By SCOTT MCKIE B.P.
ONE FEATHER STAFF
Two of the three candidates for offices within the Eastern Band of Cherokee Indians who were previously not certified have been certified to be put on the ballot for June’s Primary Election. The EBCI Board of Elections previously denied Sharon Bradley as a candidate for Big Y School Board and Mary “Missy” Crowe and Teresa McCoy as candidates for Principal Chief.
The Board has since certified Bradley and McCoy, but Crowe remains not certified as of press time. In a letter dated April 25, the Board reversed its earlier decision on Bradley and wrote, “Following the submission of additional information at your appeal hearing, the Board has determined that you satisfy the requirements to be a candidate for the Big Y School Board as set forth in the Elections Code.”
After filing in March, Bradley received a letter on April 1 denying her candidacy per Cherokee Code Section 161-3(d)(5) which states that a person may not be certified as a candidate if “the person is more than ninety (90) days in default of an obligation to pay a debt to the Tribe”.
Her denial letter alleged, “The records on file with the EBCI Housing Department indicate that, as of March 28, 2019, you are in arrears $4,526.39. The Board is aware you have been making housing payments via tribal payroll deduction; however, there are historical arrearages which have not been cured and are in excess of ninety (90) days old.”
Bradley told the One Feather that her account issues with EBCI Housing have been ongoing. “I just presented my case and discussed Qualla Housing’s methods of applying people’s payments. It’s been eight years that I’ve been trying to get this straightened out with them.”
The Qualla Housing Authority merged recently with the EBCI Housing & Community Development Division to form the EBCI Housing Division.
“There were several months where they took my payment as late charges,” Bradley noted. “You’re not supposed to have late payments if you have payroll deductions.”
She is still working with the Housing Division to get her account straightened out, and she is ready to get on with her campaign. “I’m excited to get out into the community. We have a lot of work that we need to do at the school for the betterment of our students. I want to be the school of choice for all of our enrolled members.”
Following her appeal hearing, Crowe was again denied certification on the same statute as Bradley (Cherokee Code 161-3(d)(5). In a letter dated April 9, the Board outlines its reasons for denial, “Following the submission of additional information at your appeal hearing, the Board of Elections has determined that you do not satisfy the requirements to be a candidate for the position of Principal Chief as set forth in the Elections Code. Your materials did not address the underlying issue of the existence of this debt owed to the Tribe at the time the Board of Elections denied your certification.”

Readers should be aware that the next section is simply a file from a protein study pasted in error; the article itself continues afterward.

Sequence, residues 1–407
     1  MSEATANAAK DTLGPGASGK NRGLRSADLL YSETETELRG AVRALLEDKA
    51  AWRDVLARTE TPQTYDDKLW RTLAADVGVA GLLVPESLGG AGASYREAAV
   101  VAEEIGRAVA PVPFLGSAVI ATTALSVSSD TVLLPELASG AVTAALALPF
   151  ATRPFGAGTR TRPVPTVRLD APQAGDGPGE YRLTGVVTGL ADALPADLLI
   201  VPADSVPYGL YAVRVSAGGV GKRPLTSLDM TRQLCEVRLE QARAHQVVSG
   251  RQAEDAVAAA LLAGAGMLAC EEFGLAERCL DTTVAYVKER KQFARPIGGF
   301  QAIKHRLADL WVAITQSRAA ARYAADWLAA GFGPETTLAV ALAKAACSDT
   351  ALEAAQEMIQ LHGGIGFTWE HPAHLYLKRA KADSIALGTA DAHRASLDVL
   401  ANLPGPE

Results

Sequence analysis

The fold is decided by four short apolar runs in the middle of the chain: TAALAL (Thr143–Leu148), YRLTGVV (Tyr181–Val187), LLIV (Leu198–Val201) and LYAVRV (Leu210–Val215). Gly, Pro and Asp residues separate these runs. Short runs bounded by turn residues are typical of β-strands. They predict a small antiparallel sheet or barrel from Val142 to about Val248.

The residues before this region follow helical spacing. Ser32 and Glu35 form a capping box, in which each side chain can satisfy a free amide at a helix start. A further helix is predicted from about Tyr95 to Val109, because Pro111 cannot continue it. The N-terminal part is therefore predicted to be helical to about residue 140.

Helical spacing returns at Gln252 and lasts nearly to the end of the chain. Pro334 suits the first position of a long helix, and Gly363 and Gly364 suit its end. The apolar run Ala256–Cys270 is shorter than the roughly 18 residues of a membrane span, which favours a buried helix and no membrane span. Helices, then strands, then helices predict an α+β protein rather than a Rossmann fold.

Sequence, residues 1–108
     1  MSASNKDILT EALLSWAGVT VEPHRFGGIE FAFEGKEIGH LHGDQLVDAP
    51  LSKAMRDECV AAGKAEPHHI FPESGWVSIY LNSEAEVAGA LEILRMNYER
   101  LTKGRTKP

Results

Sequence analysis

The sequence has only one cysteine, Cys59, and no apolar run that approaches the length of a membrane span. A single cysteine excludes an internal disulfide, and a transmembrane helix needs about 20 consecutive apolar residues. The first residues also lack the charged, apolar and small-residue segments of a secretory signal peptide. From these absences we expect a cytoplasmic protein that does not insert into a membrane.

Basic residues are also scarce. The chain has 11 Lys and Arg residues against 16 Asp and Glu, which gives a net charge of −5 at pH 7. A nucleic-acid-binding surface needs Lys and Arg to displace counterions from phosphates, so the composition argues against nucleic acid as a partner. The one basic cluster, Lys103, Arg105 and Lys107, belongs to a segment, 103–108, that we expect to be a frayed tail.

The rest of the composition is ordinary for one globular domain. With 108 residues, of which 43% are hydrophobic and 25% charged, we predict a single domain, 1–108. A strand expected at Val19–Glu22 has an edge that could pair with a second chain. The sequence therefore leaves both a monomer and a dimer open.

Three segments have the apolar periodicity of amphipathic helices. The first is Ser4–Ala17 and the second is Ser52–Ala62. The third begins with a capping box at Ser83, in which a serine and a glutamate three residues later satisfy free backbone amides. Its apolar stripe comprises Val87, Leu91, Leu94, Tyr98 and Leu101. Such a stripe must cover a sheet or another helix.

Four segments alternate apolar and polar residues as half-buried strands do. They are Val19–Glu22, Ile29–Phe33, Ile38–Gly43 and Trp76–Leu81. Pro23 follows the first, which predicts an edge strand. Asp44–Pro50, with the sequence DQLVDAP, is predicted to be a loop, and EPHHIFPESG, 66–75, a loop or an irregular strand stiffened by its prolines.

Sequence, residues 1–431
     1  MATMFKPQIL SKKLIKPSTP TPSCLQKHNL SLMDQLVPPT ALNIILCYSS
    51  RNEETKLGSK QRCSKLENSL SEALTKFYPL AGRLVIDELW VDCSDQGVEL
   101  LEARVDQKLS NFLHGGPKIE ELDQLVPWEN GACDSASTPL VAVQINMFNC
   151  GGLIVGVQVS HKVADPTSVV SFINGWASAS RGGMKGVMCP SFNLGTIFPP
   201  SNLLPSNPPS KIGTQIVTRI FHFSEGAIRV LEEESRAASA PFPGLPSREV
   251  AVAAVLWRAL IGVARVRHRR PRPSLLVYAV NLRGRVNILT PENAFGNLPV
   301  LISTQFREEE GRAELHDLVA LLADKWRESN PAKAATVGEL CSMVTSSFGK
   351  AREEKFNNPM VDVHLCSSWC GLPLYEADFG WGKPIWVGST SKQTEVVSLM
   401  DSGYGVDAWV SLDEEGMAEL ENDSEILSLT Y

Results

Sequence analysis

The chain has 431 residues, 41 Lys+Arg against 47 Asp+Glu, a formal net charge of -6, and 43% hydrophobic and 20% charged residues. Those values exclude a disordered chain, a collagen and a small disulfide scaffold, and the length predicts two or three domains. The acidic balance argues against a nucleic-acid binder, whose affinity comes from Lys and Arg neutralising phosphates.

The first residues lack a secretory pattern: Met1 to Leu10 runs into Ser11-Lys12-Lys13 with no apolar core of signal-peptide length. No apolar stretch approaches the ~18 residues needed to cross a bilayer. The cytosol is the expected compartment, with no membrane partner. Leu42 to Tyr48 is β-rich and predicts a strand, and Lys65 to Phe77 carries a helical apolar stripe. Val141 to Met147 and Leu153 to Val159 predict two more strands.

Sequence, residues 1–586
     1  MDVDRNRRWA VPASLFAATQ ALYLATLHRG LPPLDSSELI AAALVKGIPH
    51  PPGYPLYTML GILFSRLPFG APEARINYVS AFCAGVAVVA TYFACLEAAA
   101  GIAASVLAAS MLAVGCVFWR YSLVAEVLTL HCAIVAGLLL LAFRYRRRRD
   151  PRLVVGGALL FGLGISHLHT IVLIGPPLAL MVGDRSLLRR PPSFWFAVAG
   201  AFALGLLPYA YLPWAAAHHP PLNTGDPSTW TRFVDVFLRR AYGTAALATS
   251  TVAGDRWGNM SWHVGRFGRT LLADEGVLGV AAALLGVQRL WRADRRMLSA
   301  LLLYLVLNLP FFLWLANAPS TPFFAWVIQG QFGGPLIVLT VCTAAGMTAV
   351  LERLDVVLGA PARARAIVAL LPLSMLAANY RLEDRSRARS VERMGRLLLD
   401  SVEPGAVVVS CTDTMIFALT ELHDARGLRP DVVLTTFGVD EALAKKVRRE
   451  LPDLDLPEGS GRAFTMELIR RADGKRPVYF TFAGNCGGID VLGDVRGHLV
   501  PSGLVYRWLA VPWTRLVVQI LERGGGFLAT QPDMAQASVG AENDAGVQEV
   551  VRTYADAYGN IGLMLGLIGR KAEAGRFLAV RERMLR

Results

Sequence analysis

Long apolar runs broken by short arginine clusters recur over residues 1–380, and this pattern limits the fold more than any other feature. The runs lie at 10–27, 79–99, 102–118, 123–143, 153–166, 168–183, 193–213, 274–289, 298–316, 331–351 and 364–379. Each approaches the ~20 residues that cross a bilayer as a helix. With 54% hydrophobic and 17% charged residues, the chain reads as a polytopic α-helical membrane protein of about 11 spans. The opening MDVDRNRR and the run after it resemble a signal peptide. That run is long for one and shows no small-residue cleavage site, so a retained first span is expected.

In the original denial letter sent April 1 to Crowe, the Board alleges that she signed a TSALAGI (Tribal Solutions to Affordable Living Arrangements by Group Initiative Occupancy Agreement) in 2011 and alleges that she stopped payments on this agreement from 2013-16. It states a court judgment was entered against her in 2016 and “since entry of Court’s judgement against you, you have not made payments and you are in arrears in the amount of $3,848 as of March 28, 2019. This arrearage is more than ninety (90) days old and has not been cured.”
Crowe sent a letter to the Board on Wednesday, May 1 in which she claims the Board is “in violations of my constitutional rights to privacy and due process under the Indian Civil Rights Act by obtaining my private information from Qualla Housing Authority without my knowledge or consent”.
Due to that fact, she wrote, “I request that the EBCI Board of Elections Chairwoman Denise Ballard notify the Cherokee Supreme Court of their discussion to certify me as a candidate as to not waste any more of the court’s time and the people’s time.”
As of press time, the Board had not acted on Crowe’s latest request.
The Cherokee Supreme Court ordered the EBCI Board of Elections to put Teresa McCoy on the ballot as a candidate for Principal Chief following her hearing before them on Monday, April 29. Following a four-hour hearing, the Supreme Court issued a short ruling which stated, “The Court, based upon review of the record and briefs, and consideration of oral arguments, hereby vacates and reverses the decision of the Board of Elections denying certification to Teresa McCoy as a 2019 candidate for the Office of Principal Chief of the Eastern Band of Cherokee Indians.”
The appeal hearing decision letters were provided to the One Feather by the Board on Friday, May 3.